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1.  Identification of genes underlying different methylation profiles in refractory anemia with excess blast and refractory cytopenia with multilineage dysplasia in myelodysplastic syndrome 
The Korean Journal of Hematology  2012;47(3):186-193.
Myelodysplastic syndrome (MDS) is a preleukemic condition that transforms into acute myeloid leukemia. However, the genetic events underlying this transformation remain poorly understood. Aberrant DNA methylation may play a causative role in the disease and its prognosis. Thus, we compared the DNA methylation profiles in refractory anemia with excess blast (RAEB) to those in refractory cytopenia with multilineage dysplasia (RCMD).
Bone marrow samples were collected from 20 patients with primary MDS (9 with RAEB and 11 with RCMD), and peripheral blood samples were collected from 4 healthy controls. These samples were assessed using a commercial whole genome-wide methylation assay. Methylation-specific polymerase chain reaction (PCR) was used to detect the methylation of candidate gene promoters in RAEB and RCMD.
Microarray data revealed significant hypermethylation in 69 genes within RAEB but not RCMD. Candidate genes were mapped to 5 different networks, and network 1 had the highest score due to its involvement in gene expression, cancer, and cell cycle. Five genes (GSTM5, BIK, CENPH, RERG, and ANGPTL2) were associated with malignant disease progression. Among them, the methylated promoter pairs of GSTM5 (55.5% and 20%), BIK (20% and 0%), and ANGPTL2 (44.4% and 10%) were observed more frequently in RAEB.
DNA methylation of GSTM5, BIK, and ANGPTL2 may induce epigenetic silencing and contribute to the increasing blasts and resulting MDS progression; however, the functions of these genes were not determined. Further study focusing on epigenetic silencing using various detection modalities is required.
PMCID: PMC3464335  PMID: 23071473
Myelodysplastic syndrome; DNA methylation; GSTM5; ANGPTL2; BIK
2.  Incidence and clinical characteristics of clonal cytogenetic abnormalities of acquired aplastic anemia in adults 
The Korean Journal of Hematology  2010;45(4):242-246.
Cytogenetic abnormalities (CAs) have been reported frequently in patients with otherwise typical aplastic anemia (AA), but their implications in the prognosis and in the evolution to hematologic malignancies are controversial.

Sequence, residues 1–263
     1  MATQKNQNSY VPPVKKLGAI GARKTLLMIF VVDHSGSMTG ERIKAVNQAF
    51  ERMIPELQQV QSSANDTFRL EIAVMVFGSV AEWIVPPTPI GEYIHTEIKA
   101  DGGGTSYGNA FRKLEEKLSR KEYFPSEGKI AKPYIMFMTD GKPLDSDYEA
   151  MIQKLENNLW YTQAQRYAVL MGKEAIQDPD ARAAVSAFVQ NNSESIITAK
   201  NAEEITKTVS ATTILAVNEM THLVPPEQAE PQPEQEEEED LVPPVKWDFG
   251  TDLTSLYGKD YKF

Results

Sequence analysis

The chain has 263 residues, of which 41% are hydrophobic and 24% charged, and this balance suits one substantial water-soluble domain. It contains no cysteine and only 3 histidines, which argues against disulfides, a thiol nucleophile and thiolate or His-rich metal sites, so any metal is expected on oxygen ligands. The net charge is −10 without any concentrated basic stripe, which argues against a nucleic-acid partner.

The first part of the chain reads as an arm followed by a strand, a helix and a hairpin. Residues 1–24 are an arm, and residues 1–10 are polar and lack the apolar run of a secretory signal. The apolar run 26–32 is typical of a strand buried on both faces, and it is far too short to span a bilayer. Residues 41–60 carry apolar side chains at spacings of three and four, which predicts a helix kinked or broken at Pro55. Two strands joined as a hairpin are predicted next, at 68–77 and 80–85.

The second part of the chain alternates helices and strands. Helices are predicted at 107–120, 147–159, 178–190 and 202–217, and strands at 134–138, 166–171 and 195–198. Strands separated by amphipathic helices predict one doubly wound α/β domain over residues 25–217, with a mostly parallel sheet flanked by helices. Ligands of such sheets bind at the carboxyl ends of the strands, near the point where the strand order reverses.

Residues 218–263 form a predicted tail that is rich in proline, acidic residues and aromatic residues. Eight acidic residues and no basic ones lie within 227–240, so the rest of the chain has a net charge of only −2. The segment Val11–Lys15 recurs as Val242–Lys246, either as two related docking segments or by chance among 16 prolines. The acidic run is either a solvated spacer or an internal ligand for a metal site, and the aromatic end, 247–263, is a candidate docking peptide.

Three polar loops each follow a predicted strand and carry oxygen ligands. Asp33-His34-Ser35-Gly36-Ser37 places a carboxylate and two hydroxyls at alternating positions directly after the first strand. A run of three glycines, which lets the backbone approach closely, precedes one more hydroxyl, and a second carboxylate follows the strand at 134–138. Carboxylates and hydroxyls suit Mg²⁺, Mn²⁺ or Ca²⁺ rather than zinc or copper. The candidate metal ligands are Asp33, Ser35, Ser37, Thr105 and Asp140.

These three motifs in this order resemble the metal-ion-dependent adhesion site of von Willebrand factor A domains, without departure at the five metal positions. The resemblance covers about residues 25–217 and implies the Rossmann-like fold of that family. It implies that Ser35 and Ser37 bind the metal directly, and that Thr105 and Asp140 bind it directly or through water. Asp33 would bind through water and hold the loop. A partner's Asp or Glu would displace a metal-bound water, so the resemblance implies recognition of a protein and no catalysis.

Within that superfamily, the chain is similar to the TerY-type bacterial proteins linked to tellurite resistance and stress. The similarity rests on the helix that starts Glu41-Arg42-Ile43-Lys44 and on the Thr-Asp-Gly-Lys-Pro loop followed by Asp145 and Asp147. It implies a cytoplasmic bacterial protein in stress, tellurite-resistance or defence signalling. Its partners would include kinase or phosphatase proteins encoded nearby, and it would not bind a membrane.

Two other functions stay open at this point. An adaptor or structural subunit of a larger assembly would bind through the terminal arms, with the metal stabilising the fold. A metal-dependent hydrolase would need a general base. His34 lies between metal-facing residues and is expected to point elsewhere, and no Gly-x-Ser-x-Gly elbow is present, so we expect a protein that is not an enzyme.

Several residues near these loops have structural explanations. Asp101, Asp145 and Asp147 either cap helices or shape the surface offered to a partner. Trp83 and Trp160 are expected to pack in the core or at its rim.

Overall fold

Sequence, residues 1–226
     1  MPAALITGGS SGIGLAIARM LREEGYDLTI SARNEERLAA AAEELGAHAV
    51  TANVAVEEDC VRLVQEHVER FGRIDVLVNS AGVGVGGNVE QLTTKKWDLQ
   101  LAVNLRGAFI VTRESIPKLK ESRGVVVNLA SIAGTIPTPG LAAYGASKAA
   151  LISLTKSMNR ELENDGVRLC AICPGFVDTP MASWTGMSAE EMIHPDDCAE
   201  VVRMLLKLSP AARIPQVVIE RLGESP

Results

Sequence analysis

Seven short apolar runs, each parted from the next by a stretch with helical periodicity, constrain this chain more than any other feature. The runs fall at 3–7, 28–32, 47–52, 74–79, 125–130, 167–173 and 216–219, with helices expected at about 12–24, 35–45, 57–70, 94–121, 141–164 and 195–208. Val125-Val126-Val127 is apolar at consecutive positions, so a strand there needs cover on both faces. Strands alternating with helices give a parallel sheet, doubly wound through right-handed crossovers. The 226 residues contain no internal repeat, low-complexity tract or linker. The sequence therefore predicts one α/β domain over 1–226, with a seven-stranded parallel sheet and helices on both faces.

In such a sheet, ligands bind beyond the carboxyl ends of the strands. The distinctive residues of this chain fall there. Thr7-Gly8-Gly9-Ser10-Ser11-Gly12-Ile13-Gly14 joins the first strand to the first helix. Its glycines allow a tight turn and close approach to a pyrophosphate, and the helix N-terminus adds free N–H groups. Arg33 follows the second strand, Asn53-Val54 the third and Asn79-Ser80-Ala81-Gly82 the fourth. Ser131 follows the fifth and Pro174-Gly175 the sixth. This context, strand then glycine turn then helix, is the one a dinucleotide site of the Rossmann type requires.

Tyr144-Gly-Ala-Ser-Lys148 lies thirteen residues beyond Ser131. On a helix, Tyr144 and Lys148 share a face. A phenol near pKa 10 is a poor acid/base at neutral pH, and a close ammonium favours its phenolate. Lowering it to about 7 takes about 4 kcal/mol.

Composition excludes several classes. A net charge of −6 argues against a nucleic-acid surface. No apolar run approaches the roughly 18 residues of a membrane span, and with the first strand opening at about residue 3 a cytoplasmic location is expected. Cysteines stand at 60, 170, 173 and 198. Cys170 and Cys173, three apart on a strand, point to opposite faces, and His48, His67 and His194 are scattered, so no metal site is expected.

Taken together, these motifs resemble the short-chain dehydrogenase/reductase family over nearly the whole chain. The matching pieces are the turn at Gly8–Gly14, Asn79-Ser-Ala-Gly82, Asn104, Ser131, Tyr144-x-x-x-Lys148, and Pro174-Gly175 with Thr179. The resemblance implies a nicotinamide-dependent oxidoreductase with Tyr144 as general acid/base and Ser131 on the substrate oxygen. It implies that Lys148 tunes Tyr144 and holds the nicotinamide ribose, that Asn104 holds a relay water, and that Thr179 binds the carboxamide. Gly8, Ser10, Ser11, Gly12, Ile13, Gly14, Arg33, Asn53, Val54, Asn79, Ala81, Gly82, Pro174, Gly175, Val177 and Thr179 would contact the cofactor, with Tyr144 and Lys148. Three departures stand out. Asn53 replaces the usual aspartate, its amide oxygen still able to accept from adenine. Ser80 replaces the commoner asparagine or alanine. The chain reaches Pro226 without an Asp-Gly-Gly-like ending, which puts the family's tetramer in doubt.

We retrospectively analyzed 127 adult AA patients who had successful cytogenetic analysis at initial diagnosis.
The patients were classified into 3 groups according to the initial and follow-up results of cytogenetic profiles. Group 1 included patients who had persistent AA with normal cytogenetic profiles (N=117); Group 2, those who had a normal cytogenetic profile at initial diagnosis but later acquired CA (N=4, 3.1%); and Group 3, those who had CA at the initial diagnosis, regardless of follow-up cytogenetic status (N=6,4.7%). In Group 2, 2 patients later developed CA without progression to acute myeloid leukemia (AML) or myelodysplastic syndrome (MDS); the other 2 patients later progressed to AML. None of the patients in Group 3 progressed to AML or MDS. There was no significant difference in overall survival between Groups 1 and 3.
AA patients with CA at initial diagnosis or follow-up may not be at greater risk for evolution to AML or MDS, or show shorter survival periods. Prospective studies and a larger patient samples are needed to establish the clinical relevance of CA.
PMCID: PMC3023049  PMID: 21253425
Aplastic anemia; Cytogenetic abnormality
3.  Fludarabine-based myeloablative regimen as pretransplant conditioning therapy in adult acute leukemia/myelodysplastic syndrome: comparison with oral or intravenous busulfan with cyclophosphamide 
The Korean Journal of Hematology  2010;45(2):102-108.
A combination of busulfan (Bu) and cyclophosphamide (Cy) has been used as a standard myeloablative regimen for allogeneic hematopoietic stem cell transplantation (HSCT). Recent studies postulate that fludarabine (Flu) is a less toxic substitute for Cy.
Forty-two patients who were diagnosed with acute leukemia or myelodysplastic syndrome and received BuFlu (n=17) or BuCy (n=25) from August, 1999 to July, 2009 at Dong-A University Medical Center were retrospectively analyzed.
The median follow-up duration was 39.75 months. The BuFlu group showed a lower incidence of mucositis (P=0.005), but there was no significant intergroup difference in the time of engraftment, nausea/vomiting, acute/chronic graft-versus-host disease, hepatic veno-occlusive disease, or hemorrhagic cystitis. Moreover, the 2 groups showed no significant difference in the cumulative risk of relapse, event-free survival, or overall survival.
BuFlu administration can be employed as a preparative regimen for allogeneic HSCT and shows efficacy and transplant-adverse effects comparable to those of BuCy. However, randomized prospective studies in more patients are warranted.
PMCID: PMC2983027  PMID: 21120188
Myeloablative regimen; Allogeneic hematopoietic stem cell transplantation; Fludarabine; Busulfan

Results 1-3 (3)